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First of all thanks for all the good ideas! I would like to add some more details to the discussion:

We tested the Reach on a official test site that is used for checking survey equipment before it is allowed to be used for land registry work in Germany. The GNSS Rover must be capable of a horizontal accuracy of <15mm. Accuracy is measured by observing 5 reference points in two independent surveys with at least 15 minute pause in between. The points from the two surveys are averaged before calculating accuracy. Given the sources of error: GNSS Error(optimal cond. 7mm) + Pole tilt( 26mm) reducing the possible pole tilt error is something I can more easily control.

Here you go if you want to never accidentally buy one. The brand is Geo Fennel. Though, its two meters in length and we used a 10cm extension to have a similar height to compare it to our setup with a Reach M+ receiver. But honestly: Is that too tall? I met other surveyors (employed by the state) on the site with poles of similar height.

Agreed, I adopted that habit too. However, I recently gave two students an introduction into surveying points. We got into a discussion about how much level is enough. Which showed me that it is hard to meet an accuracy target if it is not clearly defined by the black line.

Really interesting equipment you linked in the post, I agree manual levelling especially with the long pole has it’s limits in accuracy. That’s why I was hoping there is a way the Emlid GNSS geared towards surveying (e.g. RS2) account for that.

And thinking about it more I start to see why it was probably not done: For the tilt compensation to work properly without calibrating on-site you need two very accurate IMUs, one at the top and one e.g. in the middle of the pole (i.e. spaced far apart). Their exact position relative to each other must be determined. Then by solving for the gravitational normals of those IMUs it should be possible to determine the off-level XY angles and calculate the XY offset of the point. Based on the costs for the IMUs we use for LIDAR post-processing this could increase the cost of a Emlid receiver easily by 2x - 5x depending on how accurate it should get. And because Emlid products were originally design with UAV RTK positioning in mind its just not worth the additional cost?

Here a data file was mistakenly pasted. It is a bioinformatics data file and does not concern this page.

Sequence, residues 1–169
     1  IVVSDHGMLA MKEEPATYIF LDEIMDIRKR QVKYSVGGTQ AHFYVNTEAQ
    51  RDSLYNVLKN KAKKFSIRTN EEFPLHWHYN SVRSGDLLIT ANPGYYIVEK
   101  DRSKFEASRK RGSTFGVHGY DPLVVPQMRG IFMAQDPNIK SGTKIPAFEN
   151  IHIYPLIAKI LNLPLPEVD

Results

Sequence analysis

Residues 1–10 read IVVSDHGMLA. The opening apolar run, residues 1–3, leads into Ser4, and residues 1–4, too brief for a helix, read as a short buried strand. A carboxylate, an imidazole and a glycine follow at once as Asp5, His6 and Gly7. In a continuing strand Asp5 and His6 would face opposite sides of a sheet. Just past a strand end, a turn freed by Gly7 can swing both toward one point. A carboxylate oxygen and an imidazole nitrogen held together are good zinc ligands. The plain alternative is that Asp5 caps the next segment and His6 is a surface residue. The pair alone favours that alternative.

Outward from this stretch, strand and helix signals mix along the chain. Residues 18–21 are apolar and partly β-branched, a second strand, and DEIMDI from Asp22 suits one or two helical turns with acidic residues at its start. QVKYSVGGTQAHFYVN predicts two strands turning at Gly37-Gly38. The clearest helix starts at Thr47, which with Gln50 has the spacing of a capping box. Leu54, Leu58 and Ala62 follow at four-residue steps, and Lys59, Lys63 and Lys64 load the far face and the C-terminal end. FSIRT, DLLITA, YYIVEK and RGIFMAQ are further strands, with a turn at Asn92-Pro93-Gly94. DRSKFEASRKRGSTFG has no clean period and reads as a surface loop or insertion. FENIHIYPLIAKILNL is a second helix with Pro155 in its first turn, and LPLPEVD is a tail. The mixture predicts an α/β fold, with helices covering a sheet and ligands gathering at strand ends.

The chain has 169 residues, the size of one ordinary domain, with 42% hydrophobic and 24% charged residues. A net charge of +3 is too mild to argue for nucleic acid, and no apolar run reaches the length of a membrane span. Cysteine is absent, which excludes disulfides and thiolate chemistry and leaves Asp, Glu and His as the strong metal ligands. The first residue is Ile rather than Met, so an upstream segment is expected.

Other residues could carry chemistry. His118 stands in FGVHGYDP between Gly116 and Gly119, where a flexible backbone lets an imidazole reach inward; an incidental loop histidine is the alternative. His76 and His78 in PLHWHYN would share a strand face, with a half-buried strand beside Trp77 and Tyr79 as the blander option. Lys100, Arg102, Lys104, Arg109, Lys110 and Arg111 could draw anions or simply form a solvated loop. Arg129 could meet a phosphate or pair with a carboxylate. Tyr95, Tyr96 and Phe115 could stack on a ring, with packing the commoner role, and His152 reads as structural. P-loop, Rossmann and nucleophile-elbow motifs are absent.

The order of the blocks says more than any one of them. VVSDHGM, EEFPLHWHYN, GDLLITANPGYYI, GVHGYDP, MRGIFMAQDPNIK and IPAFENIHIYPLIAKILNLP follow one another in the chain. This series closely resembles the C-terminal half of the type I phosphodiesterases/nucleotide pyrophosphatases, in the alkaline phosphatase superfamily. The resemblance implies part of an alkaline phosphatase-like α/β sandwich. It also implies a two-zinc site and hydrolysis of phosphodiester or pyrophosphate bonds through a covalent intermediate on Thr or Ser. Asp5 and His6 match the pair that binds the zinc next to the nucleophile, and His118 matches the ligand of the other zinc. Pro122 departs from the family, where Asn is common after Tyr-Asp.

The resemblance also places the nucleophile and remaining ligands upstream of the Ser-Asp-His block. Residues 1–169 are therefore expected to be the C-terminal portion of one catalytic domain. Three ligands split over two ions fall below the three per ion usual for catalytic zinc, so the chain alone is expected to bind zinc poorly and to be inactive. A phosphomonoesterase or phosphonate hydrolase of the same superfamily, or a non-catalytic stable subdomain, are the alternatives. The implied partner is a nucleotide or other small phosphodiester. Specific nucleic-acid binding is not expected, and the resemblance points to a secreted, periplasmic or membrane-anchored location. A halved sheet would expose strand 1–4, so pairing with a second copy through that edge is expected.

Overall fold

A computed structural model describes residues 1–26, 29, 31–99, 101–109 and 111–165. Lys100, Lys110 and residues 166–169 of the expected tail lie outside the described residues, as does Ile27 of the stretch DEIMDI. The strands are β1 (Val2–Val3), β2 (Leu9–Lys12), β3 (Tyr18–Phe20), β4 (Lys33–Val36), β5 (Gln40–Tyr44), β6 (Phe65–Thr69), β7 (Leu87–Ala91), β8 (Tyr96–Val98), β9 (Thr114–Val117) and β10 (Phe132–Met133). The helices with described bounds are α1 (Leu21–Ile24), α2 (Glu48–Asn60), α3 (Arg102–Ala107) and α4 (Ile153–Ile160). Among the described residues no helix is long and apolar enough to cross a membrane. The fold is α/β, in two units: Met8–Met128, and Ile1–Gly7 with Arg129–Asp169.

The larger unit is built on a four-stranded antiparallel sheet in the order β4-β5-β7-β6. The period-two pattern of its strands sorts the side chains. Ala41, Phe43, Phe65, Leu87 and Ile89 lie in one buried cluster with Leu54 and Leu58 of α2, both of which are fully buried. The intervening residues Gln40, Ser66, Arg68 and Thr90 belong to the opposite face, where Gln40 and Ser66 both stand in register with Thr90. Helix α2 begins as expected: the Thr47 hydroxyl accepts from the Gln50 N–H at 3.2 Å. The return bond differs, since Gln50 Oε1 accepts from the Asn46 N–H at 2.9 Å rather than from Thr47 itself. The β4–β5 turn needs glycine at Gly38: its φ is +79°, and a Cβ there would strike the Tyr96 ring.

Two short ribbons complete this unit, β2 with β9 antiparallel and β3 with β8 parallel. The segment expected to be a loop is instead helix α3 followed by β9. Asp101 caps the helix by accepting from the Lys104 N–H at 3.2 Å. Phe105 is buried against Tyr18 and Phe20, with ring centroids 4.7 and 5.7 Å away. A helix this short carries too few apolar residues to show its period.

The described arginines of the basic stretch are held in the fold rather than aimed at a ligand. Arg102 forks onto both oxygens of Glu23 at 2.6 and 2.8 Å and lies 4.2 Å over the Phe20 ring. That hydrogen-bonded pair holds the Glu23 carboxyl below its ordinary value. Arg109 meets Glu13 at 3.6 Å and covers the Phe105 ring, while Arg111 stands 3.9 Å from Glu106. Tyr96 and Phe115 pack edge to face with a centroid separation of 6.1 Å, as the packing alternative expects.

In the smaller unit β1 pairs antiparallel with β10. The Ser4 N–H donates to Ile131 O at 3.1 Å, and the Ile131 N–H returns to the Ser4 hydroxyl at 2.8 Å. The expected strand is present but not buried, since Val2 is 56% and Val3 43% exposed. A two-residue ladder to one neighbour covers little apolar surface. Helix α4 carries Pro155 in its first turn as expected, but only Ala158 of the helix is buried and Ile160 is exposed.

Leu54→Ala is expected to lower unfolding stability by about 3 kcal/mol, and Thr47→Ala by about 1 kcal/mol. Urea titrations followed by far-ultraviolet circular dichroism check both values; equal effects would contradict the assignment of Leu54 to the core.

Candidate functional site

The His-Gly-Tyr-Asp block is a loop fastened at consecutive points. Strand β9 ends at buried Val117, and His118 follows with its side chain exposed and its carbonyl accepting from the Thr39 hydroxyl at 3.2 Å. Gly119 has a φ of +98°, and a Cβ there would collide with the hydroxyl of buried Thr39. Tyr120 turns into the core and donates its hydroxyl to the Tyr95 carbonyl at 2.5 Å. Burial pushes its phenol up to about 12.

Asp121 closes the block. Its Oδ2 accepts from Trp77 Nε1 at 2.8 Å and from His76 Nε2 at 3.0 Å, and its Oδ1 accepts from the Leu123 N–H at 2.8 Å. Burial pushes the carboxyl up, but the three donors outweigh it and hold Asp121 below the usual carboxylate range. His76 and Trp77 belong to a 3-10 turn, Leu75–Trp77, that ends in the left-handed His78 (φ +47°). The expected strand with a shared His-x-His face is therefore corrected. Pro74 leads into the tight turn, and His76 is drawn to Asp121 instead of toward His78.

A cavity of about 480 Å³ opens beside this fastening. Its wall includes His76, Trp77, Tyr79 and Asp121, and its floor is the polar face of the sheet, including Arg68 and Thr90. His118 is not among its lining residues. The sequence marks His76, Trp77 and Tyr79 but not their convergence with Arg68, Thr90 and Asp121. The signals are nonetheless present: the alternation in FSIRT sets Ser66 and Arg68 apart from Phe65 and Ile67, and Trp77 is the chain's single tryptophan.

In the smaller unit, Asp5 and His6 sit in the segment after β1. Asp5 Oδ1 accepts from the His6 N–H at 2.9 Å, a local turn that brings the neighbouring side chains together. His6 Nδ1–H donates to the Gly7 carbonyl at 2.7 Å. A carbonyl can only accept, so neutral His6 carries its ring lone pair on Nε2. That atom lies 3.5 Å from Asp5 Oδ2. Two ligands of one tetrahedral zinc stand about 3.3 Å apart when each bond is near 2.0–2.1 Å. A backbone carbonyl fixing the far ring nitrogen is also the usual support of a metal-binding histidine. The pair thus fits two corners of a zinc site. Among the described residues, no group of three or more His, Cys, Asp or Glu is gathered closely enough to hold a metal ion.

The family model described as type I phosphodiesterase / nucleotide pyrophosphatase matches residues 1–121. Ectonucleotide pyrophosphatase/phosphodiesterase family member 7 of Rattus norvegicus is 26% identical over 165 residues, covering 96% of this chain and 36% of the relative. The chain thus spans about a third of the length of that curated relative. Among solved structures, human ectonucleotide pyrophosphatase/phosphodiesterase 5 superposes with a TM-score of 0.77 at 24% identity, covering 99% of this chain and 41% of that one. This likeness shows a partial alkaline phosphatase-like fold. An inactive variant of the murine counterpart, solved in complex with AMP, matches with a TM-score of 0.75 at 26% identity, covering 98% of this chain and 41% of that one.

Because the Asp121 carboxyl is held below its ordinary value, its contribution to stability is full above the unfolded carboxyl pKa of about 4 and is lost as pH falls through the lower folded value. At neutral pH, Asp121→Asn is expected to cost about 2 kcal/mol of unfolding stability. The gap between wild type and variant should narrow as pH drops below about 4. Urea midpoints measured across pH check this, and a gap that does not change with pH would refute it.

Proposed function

I haven’t worked with RTK receivers of other brands that are in oftentimes in the 5x-10x price range compared to Emlid receivers. Has someone worked with those and can confirm that they use automatic tilt compensation? Because this is the only way It would explain why the other surveyors I met on the site where using long poles without any special procedures and still hit the desired accuracy targets of <15mm.

Results of a first test:

SAPOS(German NTRIP Caster Network) + Emlid RS2 + 2.1m Pole w. Bipod → `1.95cm RMSE`
SAPOS + Emlid RS2(Base) + Emlid M+ (Rover) + 2.1m Pole w. Bipod → `4cm RMSE`
SAPOS + Emlid RS2(Base) + Emlid M2 (Rover) + Metal Square with 3D printed standoff (image below) → `1.5cm RMSE`

The M2 was more accurate on a small stand off compared to the other setups even without being level. Rather than spending thousands on tilt compensation the best approach is to use the shortest pole possible with a vial that supports the accuracy target.

I created this plot to visualise the possible errors. With a 2m pole and 20’ vial one can expect to make a 1.2cm error in the worst case in one lateral dimensions

If we consider the worst case happens simultaneously in XY than this plot needs to be considered.

Here in Brazil there is a rule that obliges the propagation of assembly errors.
To assemble the base, we must consider the error of 2.3mm/m in height, that is, a 2-meter pole will have a centering error of 4.6mm.

It looks like we have undersized parameters.